Planning for the future

While I try my best to live for today, I continue to consider and plan for the future and what changes we may need to make in our lives together. I am a planner. I always have been. Partly, it’s my training as a Social Worker, looking at the ‘what if’s?’

We live in a two storey house – which I adore – with our bedroom and ensuite upstairs. I have always said I never want to leave this house, but practically speaking I may have to consider it at some stage. I think – for me – it is a mistake to deal in ‘absolutes’ as in, ‘I absolutely will never consider moving into another home that’s more accessible in the future’ or ‘I absolutely will never go into care’. I need to prepare and consider these eventualities one day being necessary, so that if/when the time comes I am not battling against my own entrenched position of what I will or will not accept.

The same goes for how long I work. In my job I could work well into my 60’s and some work into their 70’s. But do I now want to? I always said I would work till at least 65, but now I wonder? My husband is two years older than me and is planning to retire in three years. We have had serious discussions about me trying to retire now at the same time. What is most important now is that we spend ‘quality’ time together. Time to travel and just be with each other as husband and wife and enjoy our lives together before he becomes labelled as ‘carer’. Something I struggle with…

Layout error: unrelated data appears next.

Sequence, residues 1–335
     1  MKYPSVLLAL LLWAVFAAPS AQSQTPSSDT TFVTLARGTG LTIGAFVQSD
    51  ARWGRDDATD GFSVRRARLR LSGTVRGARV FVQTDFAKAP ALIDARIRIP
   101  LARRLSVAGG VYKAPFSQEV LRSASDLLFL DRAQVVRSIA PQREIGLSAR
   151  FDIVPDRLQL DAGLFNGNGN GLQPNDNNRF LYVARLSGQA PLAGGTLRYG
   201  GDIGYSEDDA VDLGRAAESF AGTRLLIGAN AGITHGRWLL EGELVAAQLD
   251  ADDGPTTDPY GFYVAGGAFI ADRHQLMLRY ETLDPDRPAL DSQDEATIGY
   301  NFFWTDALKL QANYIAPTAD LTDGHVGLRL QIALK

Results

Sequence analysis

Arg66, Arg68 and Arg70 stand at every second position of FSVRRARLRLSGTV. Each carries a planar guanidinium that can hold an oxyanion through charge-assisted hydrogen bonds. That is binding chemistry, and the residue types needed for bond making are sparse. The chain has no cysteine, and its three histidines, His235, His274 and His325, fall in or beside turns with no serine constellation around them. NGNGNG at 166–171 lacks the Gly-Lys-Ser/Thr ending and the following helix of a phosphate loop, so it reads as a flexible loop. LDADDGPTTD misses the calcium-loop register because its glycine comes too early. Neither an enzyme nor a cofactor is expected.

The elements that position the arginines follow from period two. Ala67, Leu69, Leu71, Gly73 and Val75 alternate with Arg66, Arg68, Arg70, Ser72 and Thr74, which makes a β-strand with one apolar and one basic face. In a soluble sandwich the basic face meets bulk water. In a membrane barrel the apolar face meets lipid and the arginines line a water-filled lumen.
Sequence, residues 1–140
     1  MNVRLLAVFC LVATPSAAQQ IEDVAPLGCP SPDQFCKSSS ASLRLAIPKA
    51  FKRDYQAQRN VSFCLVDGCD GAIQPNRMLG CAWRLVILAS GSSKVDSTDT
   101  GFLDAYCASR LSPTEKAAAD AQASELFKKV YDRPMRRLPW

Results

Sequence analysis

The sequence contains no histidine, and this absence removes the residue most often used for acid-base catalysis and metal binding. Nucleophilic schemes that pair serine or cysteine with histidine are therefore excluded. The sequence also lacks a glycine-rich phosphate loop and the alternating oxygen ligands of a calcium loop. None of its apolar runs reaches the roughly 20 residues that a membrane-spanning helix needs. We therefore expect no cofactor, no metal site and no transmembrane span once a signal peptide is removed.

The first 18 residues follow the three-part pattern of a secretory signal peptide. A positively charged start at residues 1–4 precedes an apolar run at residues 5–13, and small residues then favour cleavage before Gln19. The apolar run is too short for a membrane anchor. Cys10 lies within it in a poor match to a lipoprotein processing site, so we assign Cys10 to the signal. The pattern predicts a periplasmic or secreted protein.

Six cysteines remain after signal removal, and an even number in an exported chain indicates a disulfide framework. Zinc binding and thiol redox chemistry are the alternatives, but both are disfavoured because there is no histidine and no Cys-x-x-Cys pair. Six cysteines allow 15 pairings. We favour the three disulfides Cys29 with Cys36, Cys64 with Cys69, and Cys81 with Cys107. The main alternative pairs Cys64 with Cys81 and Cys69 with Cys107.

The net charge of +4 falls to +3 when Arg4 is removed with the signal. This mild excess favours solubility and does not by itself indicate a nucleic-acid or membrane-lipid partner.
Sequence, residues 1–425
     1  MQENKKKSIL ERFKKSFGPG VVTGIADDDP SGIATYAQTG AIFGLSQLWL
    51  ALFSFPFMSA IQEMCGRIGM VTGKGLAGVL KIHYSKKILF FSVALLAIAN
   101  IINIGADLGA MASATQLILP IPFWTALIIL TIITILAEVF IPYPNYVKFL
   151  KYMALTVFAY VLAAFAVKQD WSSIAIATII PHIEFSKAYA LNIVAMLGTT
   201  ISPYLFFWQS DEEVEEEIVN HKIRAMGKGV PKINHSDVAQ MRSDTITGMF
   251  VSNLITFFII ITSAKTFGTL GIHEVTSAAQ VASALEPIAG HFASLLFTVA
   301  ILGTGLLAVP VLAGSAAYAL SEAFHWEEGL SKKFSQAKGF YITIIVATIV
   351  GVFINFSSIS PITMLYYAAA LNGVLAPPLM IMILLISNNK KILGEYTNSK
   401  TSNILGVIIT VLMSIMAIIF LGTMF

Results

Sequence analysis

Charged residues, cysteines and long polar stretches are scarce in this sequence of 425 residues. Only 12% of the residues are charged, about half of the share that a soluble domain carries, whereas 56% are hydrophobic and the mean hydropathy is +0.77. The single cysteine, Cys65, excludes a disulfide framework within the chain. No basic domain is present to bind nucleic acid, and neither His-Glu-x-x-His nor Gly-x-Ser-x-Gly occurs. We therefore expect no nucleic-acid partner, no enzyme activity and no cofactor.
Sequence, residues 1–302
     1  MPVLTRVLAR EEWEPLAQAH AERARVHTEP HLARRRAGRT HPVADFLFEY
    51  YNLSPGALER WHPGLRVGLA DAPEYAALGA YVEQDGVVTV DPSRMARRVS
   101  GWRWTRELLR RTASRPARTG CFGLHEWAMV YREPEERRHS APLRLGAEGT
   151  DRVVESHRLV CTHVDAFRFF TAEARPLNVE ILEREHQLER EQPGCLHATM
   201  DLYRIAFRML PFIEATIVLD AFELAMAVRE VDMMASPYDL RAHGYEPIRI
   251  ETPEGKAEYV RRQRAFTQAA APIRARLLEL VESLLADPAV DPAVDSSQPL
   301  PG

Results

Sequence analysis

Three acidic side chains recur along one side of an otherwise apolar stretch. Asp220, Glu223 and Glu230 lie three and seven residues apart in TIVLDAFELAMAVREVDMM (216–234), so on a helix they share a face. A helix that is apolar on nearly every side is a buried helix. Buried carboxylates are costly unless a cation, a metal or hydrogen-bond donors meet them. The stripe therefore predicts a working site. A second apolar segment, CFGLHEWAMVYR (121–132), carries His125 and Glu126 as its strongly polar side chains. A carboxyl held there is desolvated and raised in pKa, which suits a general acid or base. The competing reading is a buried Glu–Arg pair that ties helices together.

So, I will continue to endeavour to live in the moment, but with the knowledge that I need to – for me – constantly be open to change and adjusting my thinking when it comes to what my future may bring. I know if I don’t do that, I will feel unprepared and not thinking these things through for me is scarier than considering the options that may present themselves in the future.

Published by parklandssue

I work in health and have been with the same supportive team for over 7 years. They are all aware of my diagnosis and this helps tremendously especially while I get used to the idea of my diagnosis. My parents both had Parkinsons, so I guess my odds were higher than most.

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